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Thursday, 7 May 1987
Page: 2870


Ms FATIN(10.00) —In listening to this debate tonight I am absolutely astonished by the lack of understanding about the whole notion of equal employment opportunity. I hope that the many women around Australia who have been listening to the debate will recall in future times the contributions from honourable members on the other side of this chamber. Nobody on this side of the chamber has said-nor is it in the legislation-that there is positive discrimination in the Wool Marketing Bill. There is no positive discrimination in this Bill. In this concept of equal employment opportunity we are talking about the notion of merit. When we are talking about equal employment opportunity we are talking about employing women, migrants, Aboriginals and handicapped people, based on merit. If people in this chamber and elsewhere in Australia imagine that there is no such thing as discrimination out there in the community when these classes of people are trying to get jobs, they do not understand what it is like trying to get work out there. It is absolute nonsense to suggest there is no discrimination out there. It does exist.

I was interested to see the other day in the Sun newspaper a report of a poll that showed that 75 per cent of Australian men and women support anti-discrimination laws. So why on earth the Opposition parties are suggesting today that under this Bill we should not include the notion of merit when employing people in the Australian Wool Corporation astounds me. The Wool Corporation employs approximately 460 people altogether around Australia. Why should people who apply to work there not be given jobs based on merit? Experience for years has shown that the classes of people specified within our equal employment opportunity legislation do not get jobs based on merit. This type of legislation is absolutely crucial in enabling them to get work based on merit.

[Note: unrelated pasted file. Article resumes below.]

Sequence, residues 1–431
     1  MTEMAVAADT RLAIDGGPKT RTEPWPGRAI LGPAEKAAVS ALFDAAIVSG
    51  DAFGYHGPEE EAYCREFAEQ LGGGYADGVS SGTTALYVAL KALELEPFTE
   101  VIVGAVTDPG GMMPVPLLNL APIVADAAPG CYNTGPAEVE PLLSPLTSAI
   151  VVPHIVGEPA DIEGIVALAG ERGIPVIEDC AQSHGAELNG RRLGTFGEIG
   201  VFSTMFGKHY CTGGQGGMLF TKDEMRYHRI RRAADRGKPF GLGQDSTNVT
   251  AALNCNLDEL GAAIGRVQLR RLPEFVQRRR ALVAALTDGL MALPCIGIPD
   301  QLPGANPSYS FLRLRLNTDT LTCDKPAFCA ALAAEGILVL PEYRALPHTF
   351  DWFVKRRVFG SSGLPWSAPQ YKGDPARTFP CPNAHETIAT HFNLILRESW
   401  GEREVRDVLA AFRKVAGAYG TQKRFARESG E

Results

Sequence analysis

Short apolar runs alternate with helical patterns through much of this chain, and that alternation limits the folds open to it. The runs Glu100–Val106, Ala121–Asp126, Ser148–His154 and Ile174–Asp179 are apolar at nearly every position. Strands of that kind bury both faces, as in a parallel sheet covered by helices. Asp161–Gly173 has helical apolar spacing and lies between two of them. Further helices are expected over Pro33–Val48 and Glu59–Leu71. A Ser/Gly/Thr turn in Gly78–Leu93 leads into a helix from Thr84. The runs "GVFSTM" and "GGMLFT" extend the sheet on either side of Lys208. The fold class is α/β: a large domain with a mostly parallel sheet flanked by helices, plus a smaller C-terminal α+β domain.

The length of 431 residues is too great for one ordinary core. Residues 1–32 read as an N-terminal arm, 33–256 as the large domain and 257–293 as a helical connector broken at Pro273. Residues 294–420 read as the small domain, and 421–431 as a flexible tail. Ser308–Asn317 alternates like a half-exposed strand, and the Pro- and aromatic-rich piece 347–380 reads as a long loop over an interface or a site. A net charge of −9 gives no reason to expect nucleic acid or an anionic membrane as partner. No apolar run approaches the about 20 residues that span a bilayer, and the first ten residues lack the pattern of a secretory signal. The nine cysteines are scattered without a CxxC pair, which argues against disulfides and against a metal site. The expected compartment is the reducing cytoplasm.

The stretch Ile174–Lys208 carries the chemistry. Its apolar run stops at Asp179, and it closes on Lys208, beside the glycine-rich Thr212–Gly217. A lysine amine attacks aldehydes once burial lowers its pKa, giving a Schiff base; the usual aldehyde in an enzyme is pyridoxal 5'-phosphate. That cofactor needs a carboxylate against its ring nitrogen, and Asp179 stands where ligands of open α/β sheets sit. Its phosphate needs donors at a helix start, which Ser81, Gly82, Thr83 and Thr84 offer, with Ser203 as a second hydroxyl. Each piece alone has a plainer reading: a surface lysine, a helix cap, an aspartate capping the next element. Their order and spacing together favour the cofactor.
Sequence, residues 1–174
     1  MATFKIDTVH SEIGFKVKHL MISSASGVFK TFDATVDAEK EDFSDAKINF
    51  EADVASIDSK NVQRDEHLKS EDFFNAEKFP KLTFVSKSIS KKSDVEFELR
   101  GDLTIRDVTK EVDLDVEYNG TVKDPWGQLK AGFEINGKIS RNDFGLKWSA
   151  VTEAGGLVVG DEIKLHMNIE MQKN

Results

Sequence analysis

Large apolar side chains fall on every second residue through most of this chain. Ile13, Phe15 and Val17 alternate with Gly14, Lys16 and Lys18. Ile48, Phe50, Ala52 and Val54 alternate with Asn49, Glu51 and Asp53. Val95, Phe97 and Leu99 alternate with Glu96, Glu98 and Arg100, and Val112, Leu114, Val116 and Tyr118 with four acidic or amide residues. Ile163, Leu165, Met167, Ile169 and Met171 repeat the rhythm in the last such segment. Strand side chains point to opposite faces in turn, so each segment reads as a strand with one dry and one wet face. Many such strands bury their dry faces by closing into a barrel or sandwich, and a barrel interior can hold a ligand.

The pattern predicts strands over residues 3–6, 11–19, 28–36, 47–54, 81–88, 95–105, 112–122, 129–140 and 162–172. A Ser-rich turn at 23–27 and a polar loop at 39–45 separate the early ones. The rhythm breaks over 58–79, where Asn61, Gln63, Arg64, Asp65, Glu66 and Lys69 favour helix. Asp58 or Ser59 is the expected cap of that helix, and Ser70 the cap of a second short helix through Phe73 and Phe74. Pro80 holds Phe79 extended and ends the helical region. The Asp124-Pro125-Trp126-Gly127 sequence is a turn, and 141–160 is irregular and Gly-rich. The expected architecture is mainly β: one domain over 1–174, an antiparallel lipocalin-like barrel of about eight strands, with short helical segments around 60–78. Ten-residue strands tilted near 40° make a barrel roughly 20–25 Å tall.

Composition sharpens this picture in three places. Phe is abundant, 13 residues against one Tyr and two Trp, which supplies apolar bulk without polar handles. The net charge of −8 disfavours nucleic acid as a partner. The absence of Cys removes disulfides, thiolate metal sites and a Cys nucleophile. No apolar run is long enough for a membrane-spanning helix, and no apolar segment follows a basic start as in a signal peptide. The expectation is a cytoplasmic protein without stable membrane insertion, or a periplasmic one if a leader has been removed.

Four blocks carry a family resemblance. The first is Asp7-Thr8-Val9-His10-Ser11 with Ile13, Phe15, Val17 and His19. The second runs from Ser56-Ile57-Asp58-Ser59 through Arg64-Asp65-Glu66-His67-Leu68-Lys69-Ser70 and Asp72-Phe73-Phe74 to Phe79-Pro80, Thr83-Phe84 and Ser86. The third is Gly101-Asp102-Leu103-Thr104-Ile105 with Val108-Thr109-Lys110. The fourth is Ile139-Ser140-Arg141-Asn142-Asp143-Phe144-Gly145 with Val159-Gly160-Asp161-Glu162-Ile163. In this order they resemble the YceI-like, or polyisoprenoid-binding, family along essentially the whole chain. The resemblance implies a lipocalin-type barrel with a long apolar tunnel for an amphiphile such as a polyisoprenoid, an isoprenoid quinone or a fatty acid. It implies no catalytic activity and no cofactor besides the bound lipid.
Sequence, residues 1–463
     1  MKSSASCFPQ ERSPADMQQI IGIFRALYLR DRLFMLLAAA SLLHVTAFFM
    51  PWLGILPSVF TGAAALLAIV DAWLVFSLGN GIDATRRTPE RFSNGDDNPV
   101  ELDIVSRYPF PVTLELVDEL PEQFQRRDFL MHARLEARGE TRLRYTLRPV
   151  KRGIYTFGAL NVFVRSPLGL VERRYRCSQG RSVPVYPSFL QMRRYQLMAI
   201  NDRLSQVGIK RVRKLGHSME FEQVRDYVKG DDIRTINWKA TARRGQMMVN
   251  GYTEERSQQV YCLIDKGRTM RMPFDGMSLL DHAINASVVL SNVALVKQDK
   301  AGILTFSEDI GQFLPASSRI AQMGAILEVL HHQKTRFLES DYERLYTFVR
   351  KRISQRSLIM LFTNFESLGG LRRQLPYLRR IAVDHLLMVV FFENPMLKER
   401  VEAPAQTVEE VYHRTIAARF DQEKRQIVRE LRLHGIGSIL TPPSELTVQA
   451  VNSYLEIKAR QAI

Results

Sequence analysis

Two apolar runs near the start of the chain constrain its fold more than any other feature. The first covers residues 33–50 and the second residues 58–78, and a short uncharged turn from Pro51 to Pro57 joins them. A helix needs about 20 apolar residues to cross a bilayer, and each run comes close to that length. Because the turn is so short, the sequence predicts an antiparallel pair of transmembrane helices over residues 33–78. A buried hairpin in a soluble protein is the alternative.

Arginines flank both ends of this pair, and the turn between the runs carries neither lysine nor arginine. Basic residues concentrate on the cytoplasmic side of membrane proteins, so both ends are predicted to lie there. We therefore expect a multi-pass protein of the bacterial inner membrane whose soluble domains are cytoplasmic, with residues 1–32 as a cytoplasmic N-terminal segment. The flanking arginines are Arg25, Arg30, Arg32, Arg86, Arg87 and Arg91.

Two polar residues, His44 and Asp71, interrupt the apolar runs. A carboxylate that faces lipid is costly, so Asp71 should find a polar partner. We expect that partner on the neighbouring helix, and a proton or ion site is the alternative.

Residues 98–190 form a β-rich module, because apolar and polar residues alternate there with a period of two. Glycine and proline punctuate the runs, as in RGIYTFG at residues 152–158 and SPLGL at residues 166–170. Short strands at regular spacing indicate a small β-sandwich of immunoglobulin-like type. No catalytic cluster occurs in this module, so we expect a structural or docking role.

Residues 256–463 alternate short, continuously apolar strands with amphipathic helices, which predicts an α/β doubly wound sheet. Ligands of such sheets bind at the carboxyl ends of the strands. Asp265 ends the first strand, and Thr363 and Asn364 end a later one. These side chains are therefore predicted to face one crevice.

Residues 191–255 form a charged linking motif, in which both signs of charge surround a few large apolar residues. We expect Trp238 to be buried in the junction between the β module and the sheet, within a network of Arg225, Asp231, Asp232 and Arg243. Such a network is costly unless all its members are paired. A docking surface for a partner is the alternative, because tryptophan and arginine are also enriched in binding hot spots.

For the moment let us not talk only about women looking for work. The example of women is always used. Let us consider some of the handicapped men and women who, because of a handicap to their leg, spine or some other part of their body, are not given a job. Anybody who has anything to do with handicapped people in the community knows that that happens. This Government over the last three years has introduced legislation to eliminate discrimination in the community and to introduce equal employment opportunity-in the private sector, the Australian Public Service and, only last week, in statutory corporations. We have seen Opposition parties vote for such legislation one year, against it another year and tonight have a little bit each way. They will support this Bill but are putting up amendments which will eliminate all reference in the Bill to equal employment opportunity. That is absolutely disgraceful.

The Wool Corporation has a good record in this area. I will allow some other honourable members to contribute now but as I said when I began my speech this evening, I hope that the women of Australia have listened to this debate and to the contributions from the other side of this chamber. I hope that they will remember in months to come the nature of the contributions from members such as the honourable member for Maranoa (Mr Ian Cameron).

Amendment negatived.